Now AT&T will begin slowing service for customers who use its 3G HSPA and HPSA+ service once they've consumed 3GB of data. And subscribers with a 4G LTE phone will see speeds slow down after 5GB of usage per month. The news of this change has outraged some and has re-stirred the pot over the issue of throttling. I agree that throttling users on an unlimited data plan stinks anyway you slice it. As a consumer, if I'm promised unlimited usage, I don't want to be limited in any fashion even if the limitation is the speed of my connection.
That said, throttling isn't going away, AT&T feels it needs to throttle customers for two reason: For one, unfettered use of the network means that just a few users can overwhelm the network, In fact, AT&T claims that the top 5 percent of unlimited data users use 50 percent more bandwidth on average per month than the top 5 percent of customers on a tiered data plan, Think of it this way, Imagine if people were given case for apple iphone 7 - pink unlimited access to electricity, I live in New York City where the summers can be unbearably hot, If I paid one flat rate for electricity, I'd run my air conditioner all day in the summer, so that my apartment is nice and cool when I get home after work, But it's simply too expensive to do that, And it's wasteful, So my utility company charges me based on usage and that changes how I use the service, I am much more conscientious about conserving energy..
The same is true with bandwidth. AT&T is trying to offer an incentive for customers, even those on an unlimited plan, to conserve data usage. Maybe this will prompt users to use Wi-Fi more or to compress their data. The second reason they're doing this is because what they really want is for more customers to move to a tiered offering. AT&T won't admit this, but it's true. The company would much rather have all its customers on a tiered offering than the unlimited plan. Why? AT&T can't make any more money from an unlimited customer. The more data that customer uses, AT&T is paid the same monthly fee. There is no opportunity to up-sell that unlimited customer a higher-tier of service. But if that customer is on a tiered plan, AT&T can eventually sell him or her more bandwidth.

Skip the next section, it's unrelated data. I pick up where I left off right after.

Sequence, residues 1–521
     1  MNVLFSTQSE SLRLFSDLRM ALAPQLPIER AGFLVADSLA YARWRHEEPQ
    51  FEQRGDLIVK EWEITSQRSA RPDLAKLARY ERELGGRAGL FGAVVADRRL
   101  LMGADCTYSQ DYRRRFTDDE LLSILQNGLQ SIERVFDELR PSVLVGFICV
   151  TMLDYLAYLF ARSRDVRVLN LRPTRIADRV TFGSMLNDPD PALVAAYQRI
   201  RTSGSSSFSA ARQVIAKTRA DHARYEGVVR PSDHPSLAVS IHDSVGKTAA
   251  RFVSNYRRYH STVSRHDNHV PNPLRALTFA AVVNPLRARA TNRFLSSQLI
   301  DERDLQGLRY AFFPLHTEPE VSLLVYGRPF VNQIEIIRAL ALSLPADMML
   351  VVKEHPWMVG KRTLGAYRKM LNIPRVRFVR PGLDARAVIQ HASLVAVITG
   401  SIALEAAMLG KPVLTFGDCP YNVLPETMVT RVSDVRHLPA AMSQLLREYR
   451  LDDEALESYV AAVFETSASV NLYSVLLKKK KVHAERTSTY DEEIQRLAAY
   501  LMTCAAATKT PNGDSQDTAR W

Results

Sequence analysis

To summarize, AT&T is not getting rid of throttling and it's not getting rid of tiered plans anytime soon, These are realities we as consumers will have to live with, So if we have to live with this reality, why is this new throttling policy better for consumers than the old policy?, The fact that there is some transparency in the plan case for apple iphone 7 - pink is the most important change, The other thing is that AT&T may actually be giving unlimited data users a bit of a break by making the threshold for 3G customers 3GB and 4G LTE customers actually will get up to 5GB of data before their service is slowed..
"According to reports collected on DontThrottle.Us (a Web site set up by Onavo to protest the throttled network plans,) many users were throttled at below 3GB up to now," Rosen said. "So I welcome AT&T's clarification."But Rosen said he still thinks that throttling is bad for consumers. "Throttling is still throttling," he said. "2G speed mobile Internet is the same as no mobile Internet: no video, no streaming, no maps, Web browsing at a snail's pace."He said the biggest issue for consumers is still the fact that they don't have the understanding or tools to manage their usage better.
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